While we were eating, we were staring at the pig head and wondering if the brain was still in tact. Our server said it was, so we asked if the kitchen could cut it open so we could taste the brain. Out came the pig head split in half (in photo link above), served with toast points, plus salt and pepper to season ourselves. I was up to taste this, but the rest of the guys were not. Two of the ladies were brave enough and joined me in the smear of pig brain on toast, with salt and pepper. The taste and texture was like cream cheese to me! We also added some pepper jelly that was on our table (leftover from another appetizer) and made it even better. It was a savory and sweet type of thing that I actually enjoy.

 
Desserts and Sweet Treats

Cask and Larder Whole Cookery Feast Smoked Suckling Pig

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*Note – I’m not sure if the following dessert descriptions are correct, but they should be fairly close…

Double Crust Apple Pie
Sweet Potato Pie in a Jar
Fried dough “wit” beer doughnuts, soft caramel pudding, citrus-caramel glaze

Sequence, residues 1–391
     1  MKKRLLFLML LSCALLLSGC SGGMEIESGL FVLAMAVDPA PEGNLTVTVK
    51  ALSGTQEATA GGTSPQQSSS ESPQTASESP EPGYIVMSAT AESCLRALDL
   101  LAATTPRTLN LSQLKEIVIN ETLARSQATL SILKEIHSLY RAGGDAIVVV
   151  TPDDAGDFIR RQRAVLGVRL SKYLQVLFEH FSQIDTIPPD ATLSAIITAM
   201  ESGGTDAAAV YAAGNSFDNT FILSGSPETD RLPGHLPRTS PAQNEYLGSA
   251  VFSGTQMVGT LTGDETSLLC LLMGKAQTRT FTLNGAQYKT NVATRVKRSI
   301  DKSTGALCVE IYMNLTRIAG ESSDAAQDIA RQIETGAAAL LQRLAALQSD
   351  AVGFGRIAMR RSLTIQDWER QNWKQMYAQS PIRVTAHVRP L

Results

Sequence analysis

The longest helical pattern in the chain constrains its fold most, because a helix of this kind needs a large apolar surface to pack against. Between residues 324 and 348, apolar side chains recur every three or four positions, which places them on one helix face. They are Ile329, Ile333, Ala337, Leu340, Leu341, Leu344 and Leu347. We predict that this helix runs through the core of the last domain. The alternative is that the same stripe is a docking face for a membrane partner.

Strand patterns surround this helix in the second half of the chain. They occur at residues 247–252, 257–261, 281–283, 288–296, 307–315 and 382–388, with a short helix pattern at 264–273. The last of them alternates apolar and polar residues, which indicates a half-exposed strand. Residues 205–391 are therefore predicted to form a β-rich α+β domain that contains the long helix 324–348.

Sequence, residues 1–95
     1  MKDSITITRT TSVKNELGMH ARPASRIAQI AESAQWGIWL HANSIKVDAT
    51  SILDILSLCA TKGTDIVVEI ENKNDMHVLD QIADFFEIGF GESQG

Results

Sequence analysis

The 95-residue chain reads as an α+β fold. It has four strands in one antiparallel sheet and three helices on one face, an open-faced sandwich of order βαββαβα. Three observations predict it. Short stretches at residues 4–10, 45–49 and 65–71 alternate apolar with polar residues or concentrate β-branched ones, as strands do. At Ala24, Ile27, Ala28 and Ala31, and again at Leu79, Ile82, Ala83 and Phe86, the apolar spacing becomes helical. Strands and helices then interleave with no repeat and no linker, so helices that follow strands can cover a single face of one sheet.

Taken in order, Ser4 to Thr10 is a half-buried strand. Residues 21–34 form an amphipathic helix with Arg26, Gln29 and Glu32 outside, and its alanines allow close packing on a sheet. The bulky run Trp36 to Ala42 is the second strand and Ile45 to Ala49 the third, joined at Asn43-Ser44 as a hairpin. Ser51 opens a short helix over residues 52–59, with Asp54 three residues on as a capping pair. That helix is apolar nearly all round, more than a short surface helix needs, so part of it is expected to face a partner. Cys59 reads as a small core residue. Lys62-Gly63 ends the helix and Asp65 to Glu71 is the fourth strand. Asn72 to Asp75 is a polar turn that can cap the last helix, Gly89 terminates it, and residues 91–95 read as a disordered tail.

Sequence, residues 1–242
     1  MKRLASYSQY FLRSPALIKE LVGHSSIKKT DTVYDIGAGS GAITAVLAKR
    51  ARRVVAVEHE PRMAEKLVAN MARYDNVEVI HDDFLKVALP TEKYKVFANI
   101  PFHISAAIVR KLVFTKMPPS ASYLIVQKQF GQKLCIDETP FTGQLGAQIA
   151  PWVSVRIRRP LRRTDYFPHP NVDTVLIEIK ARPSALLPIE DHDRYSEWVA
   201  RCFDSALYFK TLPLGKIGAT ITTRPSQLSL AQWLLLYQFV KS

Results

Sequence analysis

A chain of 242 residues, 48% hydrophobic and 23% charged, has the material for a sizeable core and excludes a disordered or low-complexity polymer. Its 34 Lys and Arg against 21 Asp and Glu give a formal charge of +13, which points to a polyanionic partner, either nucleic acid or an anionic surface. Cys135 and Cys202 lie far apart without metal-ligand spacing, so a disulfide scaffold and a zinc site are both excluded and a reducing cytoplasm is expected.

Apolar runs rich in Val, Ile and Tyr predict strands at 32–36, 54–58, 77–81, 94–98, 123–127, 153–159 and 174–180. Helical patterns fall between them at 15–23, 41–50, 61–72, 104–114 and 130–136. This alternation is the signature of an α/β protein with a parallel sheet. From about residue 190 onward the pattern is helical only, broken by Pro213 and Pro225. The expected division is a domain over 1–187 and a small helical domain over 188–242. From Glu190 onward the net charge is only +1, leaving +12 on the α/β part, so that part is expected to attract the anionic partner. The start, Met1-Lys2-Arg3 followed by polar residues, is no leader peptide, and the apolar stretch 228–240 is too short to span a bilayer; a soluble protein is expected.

‘olive & sinclair’ chocolate chip cookies, orange-cranberry financiers, peanut butter-white chocolate cookies
Ice Creams: Seasonal flavors – (possibly) Vanilla-Sorghum, butter pecan ice cream, Crunchy Peanut
Sorbets: Cranberry, Fudgesicle & Pear-Bourbon
Chocolate Cake: Decadent devils food cake layered with dulce de leche & a dark chocolate frosting topped with caramelized pecans.

The Feast came with a collection of desserts and sweet treats, more than we could handle. In the end we managed to eat most of the desserts, but we were beyond stuffed and definitely satisfied.

 
Cask and Larder Whole Cookery Feast Smoked Suckling Pig

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Group photo after dinner: Mr. & Mrs. @1educatedpalate, @wonderfultime, @bigskystarlet, @EatLocalOrlando, @Ann_archy, @marvinrm, @Droolius